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Three men including former UBS trader held in first British arrests over Libor interbank rate rigging probe
Men aged 33, 41 and 47 taken to London police stationOne is a former UBS trader
The three arrests follow searches in Surrey and Essex
SFO opened Libor probe in July after big Barclays fine

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UPDATED:

10:08 GMT, 12 December 2012

One of the three men arrested in connection with an investigation into the rigging of the interbank lending rate Libor was an ex-trader who worked for UBS and the other two were interdealer brokers, a report said today.

The British men – aged 33, 41 and 47 – were taken to a London police station after searches at a property in Surrey and two premises in Essex.

They were named today as Tom Hayes, a former trader, and Terry Farr and Jim Gilmour – both employees of a London-based interdealer broker.

Arrests: The Serious Fraud Office building in central London is pictured. The Government department investigates and prosecutes serious and complex fraud

Arrests: The Serious Fraud Office building in central London is pictured. The Government department investigates and prosecutes serious and complex fraud

Mr Hayes, 33, who has worked in London and Tokyo and
who specialised in products pegged to yen-dominated Libor, was taken to
Bishopsgate police station yesterday following a search of his home, the
Financial Times reported.

Mr Farr and Mr Gilmour, two employees of RP Martin, a London-based
interdealer broker, and believed to be known to Hayes, were also
questioned, the newspaper said.

The Serious Fraud Office opened its
investigation into Libor manipulation in July after Barclays was fined
290million by U.S. and UK regulators.

The bank had rigged the key lending rate which affects mortgages and loans. Other banks are also subject to investigation.

At the height of the banking scandal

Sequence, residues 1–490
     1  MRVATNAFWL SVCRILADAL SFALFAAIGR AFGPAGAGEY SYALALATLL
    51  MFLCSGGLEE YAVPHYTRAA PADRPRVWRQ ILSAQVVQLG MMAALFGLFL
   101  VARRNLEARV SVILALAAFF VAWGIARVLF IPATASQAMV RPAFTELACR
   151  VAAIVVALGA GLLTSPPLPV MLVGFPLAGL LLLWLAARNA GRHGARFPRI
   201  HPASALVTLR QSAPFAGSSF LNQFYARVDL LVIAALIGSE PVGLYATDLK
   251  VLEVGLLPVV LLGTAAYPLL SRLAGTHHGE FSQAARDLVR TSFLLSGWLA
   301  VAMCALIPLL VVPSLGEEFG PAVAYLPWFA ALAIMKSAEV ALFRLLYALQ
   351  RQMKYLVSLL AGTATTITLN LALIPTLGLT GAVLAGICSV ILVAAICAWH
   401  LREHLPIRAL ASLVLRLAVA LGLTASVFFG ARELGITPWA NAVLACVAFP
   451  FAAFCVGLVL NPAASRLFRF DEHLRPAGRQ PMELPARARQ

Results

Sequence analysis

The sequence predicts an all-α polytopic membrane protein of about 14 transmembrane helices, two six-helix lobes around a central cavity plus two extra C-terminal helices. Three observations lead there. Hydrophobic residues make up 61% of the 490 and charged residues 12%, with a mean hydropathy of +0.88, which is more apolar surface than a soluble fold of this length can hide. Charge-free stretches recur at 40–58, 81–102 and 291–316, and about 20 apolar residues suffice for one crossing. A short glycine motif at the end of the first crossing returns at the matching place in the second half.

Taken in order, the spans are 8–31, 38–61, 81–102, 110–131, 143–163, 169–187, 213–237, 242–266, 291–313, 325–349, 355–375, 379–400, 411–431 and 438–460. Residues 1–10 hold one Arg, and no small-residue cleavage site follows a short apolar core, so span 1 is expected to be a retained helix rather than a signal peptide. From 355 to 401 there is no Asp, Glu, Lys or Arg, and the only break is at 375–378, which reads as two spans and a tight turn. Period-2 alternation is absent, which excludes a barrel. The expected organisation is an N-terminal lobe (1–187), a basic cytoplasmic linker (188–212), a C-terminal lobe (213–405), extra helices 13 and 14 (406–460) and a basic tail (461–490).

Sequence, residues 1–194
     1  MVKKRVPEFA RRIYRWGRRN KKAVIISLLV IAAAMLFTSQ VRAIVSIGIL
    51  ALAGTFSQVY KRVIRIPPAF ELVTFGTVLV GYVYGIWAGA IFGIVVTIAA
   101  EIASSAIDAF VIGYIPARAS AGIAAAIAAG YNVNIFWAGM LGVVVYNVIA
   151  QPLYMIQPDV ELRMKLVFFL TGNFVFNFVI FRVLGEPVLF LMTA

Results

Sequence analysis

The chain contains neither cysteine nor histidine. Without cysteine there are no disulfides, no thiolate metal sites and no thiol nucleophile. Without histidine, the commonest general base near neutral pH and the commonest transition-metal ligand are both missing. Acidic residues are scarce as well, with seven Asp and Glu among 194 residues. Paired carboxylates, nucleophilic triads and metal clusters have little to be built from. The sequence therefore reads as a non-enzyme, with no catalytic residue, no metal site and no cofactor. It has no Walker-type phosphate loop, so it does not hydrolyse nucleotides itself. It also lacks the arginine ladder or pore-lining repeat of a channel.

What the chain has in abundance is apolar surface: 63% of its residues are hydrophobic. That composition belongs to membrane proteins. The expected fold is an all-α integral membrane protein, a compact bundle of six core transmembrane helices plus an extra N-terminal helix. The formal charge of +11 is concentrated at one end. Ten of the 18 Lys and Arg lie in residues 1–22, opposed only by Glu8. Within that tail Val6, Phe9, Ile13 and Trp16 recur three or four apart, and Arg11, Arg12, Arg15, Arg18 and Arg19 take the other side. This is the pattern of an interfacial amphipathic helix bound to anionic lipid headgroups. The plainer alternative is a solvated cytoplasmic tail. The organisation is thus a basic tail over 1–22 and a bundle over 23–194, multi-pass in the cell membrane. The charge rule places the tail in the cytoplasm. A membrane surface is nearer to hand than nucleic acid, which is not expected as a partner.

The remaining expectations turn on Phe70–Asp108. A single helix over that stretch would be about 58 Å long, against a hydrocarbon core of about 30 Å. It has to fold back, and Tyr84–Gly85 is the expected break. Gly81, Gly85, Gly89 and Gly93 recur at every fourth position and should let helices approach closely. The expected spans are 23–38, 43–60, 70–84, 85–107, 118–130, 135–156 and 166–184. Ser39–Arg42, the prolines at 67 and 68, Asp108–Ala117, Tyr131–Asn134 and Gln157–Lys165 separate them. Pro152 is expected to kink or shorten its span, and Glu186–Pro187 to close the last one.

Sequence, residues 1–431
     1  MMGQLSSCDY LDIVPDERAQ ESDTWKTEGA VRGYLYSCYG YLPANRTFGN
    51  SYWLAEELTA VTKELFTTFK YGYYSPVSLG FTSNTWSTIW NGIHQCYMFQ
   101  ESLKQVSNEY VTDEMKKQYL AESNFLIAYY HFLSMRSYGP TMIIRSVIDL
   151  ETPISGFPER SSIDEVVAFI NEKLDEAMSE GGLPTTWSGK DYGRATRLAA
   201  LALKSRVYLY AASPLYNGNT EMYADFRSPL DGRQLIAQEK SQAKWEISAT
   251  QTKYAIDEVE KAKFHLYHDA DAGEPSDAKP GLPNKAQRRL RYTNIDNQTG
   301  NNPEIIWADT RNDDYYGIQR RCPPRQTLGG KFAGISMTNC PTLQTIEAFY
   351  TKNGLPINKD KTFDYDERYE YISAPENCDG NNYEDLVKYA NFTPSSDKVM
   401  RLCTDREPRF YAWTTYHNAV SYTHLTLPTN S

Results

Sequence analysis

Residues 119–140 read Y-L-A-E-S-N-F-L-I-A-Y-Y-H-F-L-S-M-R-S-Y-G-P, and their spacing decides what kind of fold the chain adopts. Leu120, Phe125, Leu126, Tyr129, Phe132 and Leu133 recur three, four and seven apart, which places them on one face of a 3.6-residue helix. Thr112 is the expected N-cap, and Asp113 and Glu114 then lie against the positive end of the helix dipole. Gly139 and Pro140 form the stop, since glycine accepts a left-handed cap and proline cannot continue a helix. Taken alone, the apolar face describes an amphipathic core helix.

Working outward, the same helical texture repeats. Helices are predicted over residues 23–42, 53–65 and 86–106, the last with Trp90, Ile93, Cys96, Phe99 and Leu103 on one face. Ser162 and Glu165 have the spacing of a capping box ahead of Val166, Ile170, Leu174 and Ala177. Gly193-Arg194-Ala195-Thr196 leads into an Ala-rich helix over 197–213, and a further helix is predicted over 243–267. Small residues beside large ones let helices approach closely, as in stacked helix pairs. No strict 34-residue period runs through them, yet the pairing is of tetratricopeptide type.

this summer, the SFO revealed it had been working closely with the
Financial Services Authority.

The Government department, which investigates and prosecutes serious and complex fraud,
launched an inquiry into the entire banking sector.

It came after a number of traders at
Barclays were found to have rigged Libor to boost profits and bonus
rewards.

The bank was also accused of lowering submissions in a
bid to alter the perception of the lender’s finances.

The claims ultimately led to the
resignation of Barclays boss Bob Diamond and sparked a criminal
investigation.

They also became the focal point of a bitter row in Westminster
over ethics in the banking sector.

Investigation prompt: Barclays was fined 290million by US and UK regulators for rigging the key lending rate which affects mortgages and loans

Investigation prompt: Barclays was fined 290million by US and UK regulators for rigging the key lending rate which affects mortgages and loans

The arrests follow speculation that Swiss banking giant UBS has started settlement talks with regulators over alleged Libor rigging.

UBS is reportedly on course to reach an agreement before Christmas and is facing a fine of more than 280million.

Around 20 financial institutions have been investigated over the alleged rigging of benchmark interest rates which govern 300trillion of contracts.

These range around the world from household mortgages to complex derivatives products.

Taxpayer-backed Royal Bank of Scotland has previously said it hopes to settle any Libor claims soon and warned potential penalties could be huge.

Focus on the banking sector intensified as HSBC revealed a 1.2billion settlement for failing to comply with anti-money laundering rules.

Standard Chartered also paid out an additional 203million over allegations that it breached sanctions with Iran.